The art of making film began simply for Takashi Miike as a way to circumvent adulthood. After 30 years, some 50 films, numerous videos, TV episodes and even a stageplay, Miike is a man of the industry. Now the controversial Japanese director, known for gratuitous violence in his movies, has taken on his country’s colorful past in his new film, 13 Assassins.

Miike describes growing up in Japan as a very different place when he was young. He remembers a more rigid framework in growing up that did not offer much choice.

“When I got out of high school, you only had two choices: You could either go to college, or you had to work and essentially grow up and become an adult,” he says. “Now children have more freedom and options as to what they can do after high school. But for me, in order to escape the situation, I chose a [different] place for me to buy some time so I wouldn’t have to grow up, and I went to a film school.”

Once out of school, Miike found himself still unenthusiastic about joining the workforce.

“So, I joined the world of the film business, and thanks to the last 30 years, and everyone else and to the film business in general, I still haven’t found the need to grow up. I can still be who I am,” he says.

Who Miike is, is a successful filmmaker with an illustrious career under his belt. He has done everything from dramatic to outlandish, savage violent to family oriented. At present, he has just released a samurai movie culminating the strong tradition of Japan’s former age with his own talents.

Japanese stories have a long history of being rich in distinction and character. Many stories are derived from Japan’s bloody roots, centered around a society of warring clans and the individual’s pursuit of position and honor within it. Ancient tales of noble samurai have been passed for centuries and have withstood the test of time, implemented in our modern culture in the form of gunslingers, Jedi knights and anime heroes. The stories, much like the culture that spawned them, are based on a structure of strength, ethics and honor.

In his most recent film, 13 Assassins, Miike tributes Japanese heritage and shows his viewers a perspective of things departed.

“Until 200 years ago, this was the way people lived in Japan. So even to this day, somehow unconsciously our sense of life, death and values must affect us to some level,” says Miike. “For me, in my version of a samurai film, what I wanted to show the most is what’s been lost ... to show people that [during that time] everyone essentially had a purpose for life, and for living and for dying.”

That being said, if you’re a fan of this style of storytelling, 13 Assassins is as hard as Japanese steel. In Miike’s remake of of Eiichi Kudo’s 1963 black-and-white film of the same name set in Japan’s feudal era, a group of idle samurai are enlisted to dispatch a ruthless and fiendish lord to prevent his rise to power. This film is a simple yet bold period action piece. Its sharp historical depiction of the late feudal era is on the point, and the story is inflexibly eloquent.

There’s also an element of dark humor included that is characteristic in Miike’s films, and another of Miike’s trademarks, his visionary use of imaginative violence. Although Miike says that he has never aimed to design such brutality and downbeat indulgence.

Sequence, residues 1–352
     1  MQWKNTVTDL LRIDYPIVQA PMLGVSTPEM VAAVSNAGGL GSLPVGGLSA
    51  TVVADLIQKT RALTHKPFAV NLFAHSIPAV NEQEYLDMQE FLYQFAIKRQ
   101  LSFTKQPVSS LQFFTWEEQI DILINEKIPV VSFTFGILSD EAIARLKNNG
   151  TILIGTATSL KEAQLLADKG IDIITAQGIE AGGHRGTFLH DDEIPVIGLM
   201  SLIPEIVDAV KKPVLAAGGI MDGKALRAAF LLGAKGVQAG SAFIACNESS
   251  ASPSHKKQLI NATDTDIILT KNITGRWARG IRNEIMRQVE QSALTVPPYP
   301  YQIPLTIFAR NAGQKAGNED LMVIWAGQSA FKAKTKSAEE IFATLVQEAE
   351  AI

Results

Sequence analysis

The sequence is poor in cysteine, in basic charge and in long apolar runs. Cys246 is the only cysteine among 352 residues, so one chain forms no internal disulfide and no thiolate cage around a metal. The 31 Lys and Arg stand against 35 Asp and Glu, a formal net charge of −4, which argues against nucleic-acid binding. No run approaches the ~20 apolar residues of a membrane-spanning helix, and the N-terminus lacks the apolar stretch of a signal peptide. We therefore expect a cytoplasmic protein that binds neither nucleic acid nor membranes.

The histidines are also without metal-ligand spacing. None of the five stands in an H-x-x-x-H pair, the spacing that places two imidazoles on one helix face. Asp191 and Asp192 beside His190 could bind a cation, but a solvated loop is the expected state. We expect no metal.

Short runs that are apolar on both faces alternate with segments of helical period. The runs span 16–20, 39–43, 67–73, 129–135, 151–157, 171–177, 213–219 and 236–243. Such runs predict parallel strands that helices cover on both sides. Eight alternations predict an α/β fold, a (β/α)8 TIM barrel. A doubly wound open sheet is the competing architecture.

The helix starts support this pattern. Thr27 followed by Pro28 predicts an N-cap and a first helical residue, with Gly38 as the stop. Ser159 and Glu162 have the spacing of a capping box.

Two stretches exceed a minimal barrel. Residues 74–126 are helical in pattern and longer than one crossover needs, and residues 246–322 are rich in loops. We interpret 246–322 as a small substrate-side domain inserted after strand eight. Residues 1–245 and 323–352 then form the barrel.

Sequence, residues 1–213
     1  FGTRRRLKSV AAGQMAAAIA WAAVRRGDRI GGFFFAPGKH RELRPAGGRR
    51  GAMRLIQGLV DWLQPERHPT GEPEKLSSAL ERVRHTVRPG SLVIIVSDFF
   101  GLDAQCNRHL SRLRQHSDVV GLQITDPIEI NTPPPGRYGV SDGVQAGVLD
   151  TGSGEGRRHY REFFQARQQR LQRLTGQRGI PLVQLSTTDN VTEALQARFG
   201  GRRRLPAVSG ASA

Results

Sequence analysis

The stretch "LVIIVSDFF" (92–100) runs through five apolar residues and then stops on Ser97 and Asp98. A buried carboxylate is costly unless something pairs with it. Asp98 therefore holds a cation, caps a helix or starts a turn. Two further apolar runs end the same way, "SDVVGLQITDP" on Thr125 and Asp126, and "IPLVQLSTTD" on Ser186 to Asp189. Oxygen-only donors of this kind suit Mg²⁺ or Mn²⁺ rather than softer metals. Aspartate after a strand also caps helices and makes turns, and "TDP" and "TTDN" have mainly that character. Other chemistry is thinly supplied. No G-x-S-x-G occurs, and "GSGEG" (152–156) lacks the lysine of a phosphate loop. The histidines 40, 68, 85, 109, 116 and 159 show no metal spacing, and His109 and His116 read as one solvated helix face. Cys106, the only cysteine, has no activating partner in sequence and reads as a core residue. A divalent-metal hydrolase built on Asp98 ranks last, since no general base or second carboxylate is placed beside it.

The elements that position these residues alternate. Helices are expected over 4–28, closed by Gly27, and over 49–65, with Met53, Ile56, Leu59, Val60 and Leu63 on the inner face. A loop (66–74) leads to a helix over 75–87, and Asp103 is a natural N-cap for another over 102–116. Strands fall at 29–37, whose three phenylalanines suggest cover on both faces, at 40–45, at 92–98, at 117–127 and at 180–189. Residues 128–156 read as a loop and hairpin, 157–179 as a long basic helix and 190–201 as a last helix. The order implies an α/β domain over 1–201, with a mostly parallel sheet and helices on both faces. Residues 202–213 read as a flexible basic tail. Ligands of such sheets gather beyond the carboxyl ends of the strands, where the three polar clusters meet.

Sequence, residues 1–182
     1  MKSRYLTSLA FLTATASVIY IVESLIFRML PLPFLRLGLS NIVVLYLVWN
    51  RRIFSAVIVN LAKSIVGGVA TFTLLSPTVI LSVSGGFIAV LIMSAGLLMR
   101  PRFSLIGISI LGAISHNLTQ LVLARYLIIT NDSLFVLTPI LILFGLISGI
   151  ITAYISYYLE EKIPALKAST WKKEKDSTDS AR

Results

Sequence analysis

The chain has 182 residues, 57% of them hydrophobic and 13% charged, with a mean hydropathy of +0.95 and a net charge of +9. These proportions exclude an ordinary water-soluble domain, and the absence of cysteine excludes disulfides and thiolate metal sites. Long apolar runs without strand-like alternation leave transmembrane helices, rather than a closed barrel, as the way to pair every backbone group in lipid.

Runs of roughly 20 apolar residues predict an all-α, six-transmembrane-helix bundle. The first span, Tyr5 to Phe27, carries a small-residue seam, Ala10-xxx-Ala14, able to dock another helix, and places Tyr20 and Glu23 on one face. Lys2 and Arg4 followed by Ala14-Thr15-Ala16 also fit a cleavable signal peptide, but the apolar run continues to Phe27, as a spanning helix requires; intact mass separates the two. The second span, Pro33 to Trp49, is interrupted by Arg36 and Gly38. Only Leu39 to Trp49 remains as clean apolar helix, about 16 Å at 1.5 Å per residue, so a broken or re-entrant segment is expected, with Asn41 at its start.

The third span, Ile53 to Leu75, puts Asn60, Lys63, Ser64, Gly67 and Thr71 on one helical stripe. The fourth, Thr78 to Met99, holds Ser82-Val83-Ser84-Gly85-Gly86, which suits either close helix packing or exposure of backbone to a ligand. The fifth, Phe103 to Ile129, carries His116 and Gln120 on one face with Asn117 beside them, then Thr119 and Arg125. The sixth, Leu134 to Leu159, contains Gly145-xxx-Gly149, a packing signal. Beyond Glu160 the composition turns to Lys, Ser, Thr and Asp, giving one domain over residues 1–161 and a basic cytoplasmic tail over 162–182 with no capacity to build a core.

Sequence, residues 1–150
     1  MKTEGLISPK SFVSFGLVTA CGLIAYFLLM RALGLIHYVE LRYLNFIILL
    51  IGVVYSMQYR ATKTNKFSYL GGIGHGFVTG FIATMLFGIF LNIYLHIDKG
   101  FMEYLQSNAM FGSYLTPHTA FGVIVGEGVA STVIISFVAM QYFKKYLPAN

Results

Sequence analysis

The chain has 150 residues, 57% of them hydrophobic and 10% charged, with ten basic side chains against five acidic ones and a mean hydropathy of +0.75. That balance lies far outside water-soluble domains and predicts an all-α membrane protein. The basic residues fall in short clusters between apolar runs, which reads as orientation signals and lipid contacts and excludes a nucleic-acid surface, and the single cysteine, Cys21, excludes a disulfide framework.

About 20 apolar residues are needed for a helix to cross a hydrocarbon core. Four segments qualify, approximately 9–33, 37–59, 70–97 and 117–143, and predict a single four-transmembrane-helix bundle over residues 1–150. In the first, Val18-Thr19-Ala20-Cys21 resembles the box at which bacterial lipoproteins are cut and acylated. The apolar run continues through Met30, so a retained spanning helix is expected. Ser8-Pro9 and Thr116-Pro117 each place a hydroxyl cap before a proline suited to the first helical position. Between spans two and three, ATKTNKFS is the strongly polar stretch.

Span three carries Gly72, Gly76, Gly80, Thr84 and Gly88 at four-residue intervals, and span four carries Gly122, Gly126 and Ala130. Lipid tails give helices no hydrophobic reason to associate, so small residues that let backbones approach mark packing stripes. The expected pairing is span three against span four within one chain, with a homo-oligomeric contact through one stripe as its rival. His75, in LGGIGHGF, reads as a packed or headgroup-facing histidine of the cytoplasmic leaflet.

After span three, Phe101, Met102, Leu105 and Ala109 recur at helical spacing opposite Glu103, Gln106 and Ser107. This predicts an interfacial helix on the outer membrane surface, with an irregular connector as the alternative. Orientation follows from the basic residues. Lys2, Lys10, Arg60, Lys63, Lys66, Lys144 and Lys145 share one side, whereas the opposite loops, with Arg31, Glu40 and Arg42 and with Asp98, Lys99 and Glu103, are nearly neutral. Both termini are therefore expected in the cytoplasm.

“Macabre in general is not my goal ... in a sense as a filmmaker I’m a little envious of people who can make movies that seem to be filled with hope. It’s definitely not something that I set out to do ... it’s just something that naturally happens when I make a movie. Doesn’t life itself possess the same macabre or dark sense of humor?” he says. “We come into this world [through childbirth] through a painful process that is somehow called the miracle. If you want a peaceful life, the harder you try to find that life, the harder it becomes to live and the more violent it gets. The movies I make are a reflection of that ... it’s an honest reflection of what life is presenting”

And there is nothing left to be desired in the province of barbarity here. The movie is laden with plentiful battles, grisly suicides, brutal executions and ends appropriately in a grand bloodbath. To the height of the Japanese samurai tale, Miike’s remake embraces the poetic rhetoric of the venerable warrior culture.

13 Assassins stars accredited actor Koji Yakusho, who plays Shinzaemon Shimada, the war seasoned samurai longing for combat and a noble death. Yakusho is accompanied by Takayuki Yamada (playing Shinzaemon’s nephew), Yusuke Iseya (playing the 13th assassin) and Goro Inagaki (who plays the fiendish Lord Naritsugu Matsudaira), as well as a stellar group of actors who all portray their roles precisely.

The film itself is beautiful, shot on an immense and mountainous open-air set, on location in northern Japan. Tied together with sensational costume design, this film truly brings you back to the Island’s feudal time. The style is fittingly traditional, which is a great thing because too many revisions of classic sagas forego integrity in exchange for trendy gimmickry. 13 Assassins holds steadfast to the warrior’s epic, yet is fashionably updated for the now. It’s as if watching a quintessential black-and-white masterpiece in color.

13 Assassins releases in select theaters April 29.